Pastor Vander D. Purcell Jr.

by Terry Watson | September 11th, 2013
Pastor Vander D. Purcell Jr. (Photos by Miles Darden)

Pastor Vander D. Purcell Jr. (Photos by Miles Darden)

Gifted, anointed, blessed, diverse. What do these words mean to you? When I hear them I think of someone who has undoubtedly been favored by God to be a blessing to many. This is the case with Pastor Vander “Danny” Purcell Jr. Born in Greensboro, NC to Bishop Vander D. Purcell Sr. (1/18/38 – 02/05/2013) and Evangelist Dola Purcell (1/31/1940 – 07/04/2008), he is affectionately known as Pastor Danny to some and simply as “Danny” to many. He understood at a tender age what it meant to fear the Lord. His parents were God fearing and would not allow he and his sisters to stray too far. Pastor Danny had a normal childhood, but he tested limits at times. He quickly discovered he did not ‘fit in’ with the crowd.

He adamantly dispels the stereotype that all preachers’ kids are troublesome by responding, “It’s not that preacher’s kids are bad, some preacher’s kids can be challenging because they try to fit into roles not meant for them – the same as with anyone. However, people do what they want to do and are fully aware of choices made. Many people attempt to find other people doing the same things they like to do. Sometimes we just don’t fit it in.” He neither recalls feeling peer pressure from friends nor did he feel inferior by being the son of two ministers. He states, “it was in my youth that I found out who I was and who I was not; no one knows whether they will be a pastor at a young age; I knew I would be doing something just not sure what. I tried to fit in with the crowd and a particular type of people and found out it didn’t work.” Additionally at an early age, he realized his gift and passion in music by singing and playing the keyboard and organ. His influences not only came from home, but also from members of the church who would “make” him sing. Pastor Danny showed his jovial side by invoking us to laughter in his interview; imagine being told by a church mother, “child you better sing.” He recalls his friends Carlos Townsend, Barry Parker and their grandmothers being a significant part of his life and his musical influence; many days were spent singing and worshiping, or simply spending time at the church.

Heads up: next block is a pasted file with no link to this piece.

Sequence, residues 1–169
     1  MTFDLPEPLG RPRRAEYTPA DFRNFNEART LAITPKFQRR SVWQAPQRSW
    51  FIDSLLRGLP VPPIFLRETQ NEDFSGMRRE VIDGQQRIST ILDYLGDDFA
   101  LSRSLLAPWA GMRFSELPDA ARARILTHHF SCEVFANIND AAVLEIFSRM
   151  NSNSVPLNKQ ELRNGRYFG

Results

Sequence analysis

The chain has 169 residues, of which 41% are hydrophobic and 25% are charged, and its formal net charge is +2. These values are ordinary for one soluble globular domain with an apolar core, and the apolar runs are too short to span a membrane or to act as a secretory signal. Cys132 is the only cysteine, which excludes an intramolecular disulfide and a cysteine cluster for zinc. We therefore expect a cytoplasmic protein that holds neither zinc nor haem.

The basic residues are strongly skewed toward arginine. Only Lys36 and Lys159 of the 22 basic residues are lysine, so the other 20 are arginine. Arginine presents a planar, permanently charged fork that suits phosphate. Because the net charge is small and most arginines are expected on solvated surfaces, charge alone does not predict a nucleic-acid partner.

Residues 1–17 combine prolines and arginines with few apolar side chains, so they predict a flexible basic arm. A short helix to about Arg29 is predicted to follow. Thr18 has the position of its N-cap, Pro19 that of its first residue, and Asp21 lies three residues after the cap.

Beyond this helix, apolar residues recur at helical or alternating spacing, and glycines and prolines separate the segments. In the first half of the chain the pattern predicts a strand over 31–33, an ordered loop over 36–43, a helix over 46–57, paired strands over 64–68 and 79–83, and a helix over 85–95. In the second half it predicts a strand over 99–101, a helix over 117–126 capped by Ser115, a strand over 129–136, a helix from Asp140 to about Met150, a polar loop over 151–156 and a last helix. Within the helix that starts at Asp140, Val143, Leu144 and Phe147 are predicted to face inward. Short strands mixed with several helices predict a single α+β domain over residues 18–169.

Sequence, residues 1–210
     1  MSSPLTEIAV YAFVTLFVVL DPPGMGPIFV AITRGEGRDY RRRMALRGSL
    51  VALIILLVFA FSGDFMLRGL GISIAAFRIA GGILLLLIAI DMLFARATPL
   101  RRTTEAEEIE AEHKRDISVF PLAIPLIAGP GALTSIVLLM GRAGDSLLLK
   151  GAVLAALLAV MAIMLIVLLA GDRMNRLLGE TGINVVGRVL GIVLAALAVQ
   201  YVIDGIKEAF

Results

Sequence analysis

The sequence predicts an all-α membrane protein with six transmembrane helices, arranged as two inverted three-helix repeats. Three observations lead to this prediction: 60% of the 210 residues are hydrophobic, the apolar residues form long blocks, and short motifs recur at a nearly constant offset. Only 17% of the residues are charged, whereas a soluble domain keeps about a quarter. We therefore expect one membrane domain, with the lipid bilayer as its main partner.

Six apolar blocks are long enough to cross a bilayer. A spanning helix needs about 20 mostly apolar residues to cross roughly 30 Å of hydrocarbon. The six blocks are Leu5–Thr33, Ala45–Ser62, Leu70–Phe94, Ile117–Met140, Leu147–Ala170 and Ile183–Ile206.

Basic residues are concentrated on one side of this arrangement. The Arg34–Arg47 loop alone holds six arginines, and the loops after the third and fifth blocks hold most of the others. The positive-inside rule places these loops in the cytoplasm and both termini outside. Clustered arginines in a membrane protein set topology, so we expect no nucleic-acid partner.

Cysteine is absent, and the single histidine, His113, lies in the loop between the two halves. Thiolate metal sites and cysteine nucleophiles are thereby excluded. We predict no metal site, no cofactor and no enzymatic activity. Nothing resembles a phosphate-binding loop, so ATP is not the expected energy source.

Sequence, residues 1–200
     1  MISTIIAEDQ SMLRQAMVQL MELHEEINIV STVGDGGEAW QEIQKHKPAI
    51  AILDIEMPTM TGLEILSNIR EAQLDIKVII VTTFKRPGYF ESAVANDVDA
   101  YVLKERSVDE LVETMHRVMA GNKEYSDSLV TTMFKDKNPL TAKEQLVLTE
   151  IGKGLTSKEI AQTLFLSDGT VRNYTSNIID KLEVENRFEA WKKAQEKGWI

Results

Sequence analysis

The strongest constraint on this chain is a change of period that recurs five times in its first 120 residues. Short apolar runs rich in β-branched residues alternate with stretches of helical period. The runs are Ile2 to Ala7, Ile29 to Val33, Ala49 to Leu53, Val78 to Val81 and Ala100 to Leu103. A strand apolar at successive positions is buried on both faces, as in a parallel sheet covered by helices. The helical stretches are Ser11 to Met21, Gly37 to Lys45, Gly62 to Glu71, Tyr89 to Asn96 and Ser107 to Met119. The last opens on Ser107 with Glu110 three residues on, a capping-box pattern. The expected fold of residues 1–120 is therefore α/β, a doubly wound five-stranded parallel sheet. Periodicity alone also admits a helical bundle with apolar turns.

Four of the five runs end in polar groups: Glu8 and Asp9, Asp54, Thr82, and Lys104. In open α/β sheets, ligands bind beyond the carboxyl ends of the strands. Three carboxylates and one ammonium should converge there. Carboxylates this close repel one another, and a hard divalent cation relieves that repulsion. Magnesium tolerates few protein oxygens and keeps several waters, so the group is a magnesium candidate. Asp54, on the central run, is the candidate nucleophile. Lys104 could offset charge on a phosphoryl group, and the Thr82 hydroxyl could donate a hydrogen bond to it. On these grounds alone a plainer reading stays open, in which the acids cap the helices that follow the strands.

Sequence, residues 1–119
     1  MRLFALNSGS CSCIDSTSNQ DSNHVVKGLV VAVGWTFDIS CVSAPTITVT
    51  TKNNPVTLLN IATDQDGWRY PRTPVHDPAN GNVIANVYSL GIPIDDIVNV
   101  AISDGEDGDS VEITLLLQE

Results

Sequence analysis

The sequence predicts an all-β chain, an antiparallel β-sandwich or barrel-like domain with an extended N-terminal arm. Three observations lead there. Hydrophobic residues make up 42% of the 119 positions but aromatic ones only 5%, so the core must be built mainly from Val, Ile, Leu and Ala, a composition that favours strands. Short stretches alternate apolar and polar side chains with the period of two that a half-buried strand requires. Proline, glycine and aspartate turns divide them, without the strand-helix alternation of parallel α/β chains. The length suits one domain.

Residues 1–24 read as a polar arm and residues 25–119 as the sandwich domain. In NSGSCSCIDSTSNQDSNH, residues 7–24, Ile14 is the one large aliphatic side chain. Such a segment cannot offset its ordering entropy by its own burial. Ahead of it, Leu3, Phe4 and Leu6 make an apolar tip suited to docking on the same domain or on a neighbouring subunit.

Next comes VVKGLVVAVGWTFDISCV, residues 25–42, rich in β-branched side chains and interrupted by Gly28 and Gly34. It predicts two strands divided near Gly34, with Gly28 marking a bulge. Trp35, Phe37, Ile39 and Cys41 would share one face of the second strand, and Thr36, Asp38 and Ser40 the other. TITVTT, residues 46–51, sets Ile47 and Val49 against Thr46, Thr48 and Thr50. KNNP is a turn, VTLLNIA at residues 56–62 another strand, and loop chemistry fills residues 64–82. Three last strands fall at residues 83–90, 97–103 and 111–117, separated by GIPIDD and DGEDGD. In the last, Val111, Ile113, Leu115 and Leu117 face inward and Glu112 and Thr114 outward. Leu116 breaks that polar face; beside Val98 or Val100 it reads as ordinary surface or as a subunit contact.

Pastor Danny described the impact of his father’s ministry as a major influence in his life as well. His father is primarily the reason he has become who he is today. The late Bishop Vander D. Purcell Sr. extended a legacy within Greensboro and many other areas by serving in ministry for 53 years before passing away earlier this year. His teaching permeates the fabrics of many lives, communities, and homes. Ministry leaders would call him for advice or prayer. Many of these leaders attended his bible studies as well, recognizing Bishop Purcell taught on such an in depth level that left his ‘students’ with a hunger to learn even more.

The ministry was birthed in the Purcell living room and Pastor Danny provided the ministry its name, “Sanctuary Deliverance Church of the Living Word.” The first building was opened in 1983 on the Southside of Greensboro.

When asked, “how did your father’s death affect you?” He gave these words, “people must understand the words man, mandate, and mantle. All of these words have the single word ‘man’ in them.” He further explained, “I wasn’t given the mantle because I was merely his son because I could receive the mantle without being his son. I was given the mantle because I was with him, the man, in his suffering.” Bishop Purcell’s sickness and last days were very difficult for Pastor Danny as he recalled feeling alone and as if he had no support from those whom he thought would stand with him during this time. “I was deeply hurt by things that happened during my father’s final days. People I had helped left me, this hurt me,” he explained.

Nevertheless, he stayed by Bishop’s side and held his hand until life was no more, understanding the mandate his father had spoken to him and realizing his father’s mantle had been passed to him. Even though he now experiences the pain and anguish of losing both his parents within less than a decade apart, Pastor Danny’s faith in God and his desire to help people and restore communities pushes him forward. He knows he has been commissioned to help others realize who they are and what they are to become for the Kingdom of God. He acknowledges that before becoming a pastor he was a servant and a friend, therefore, his first priority is people.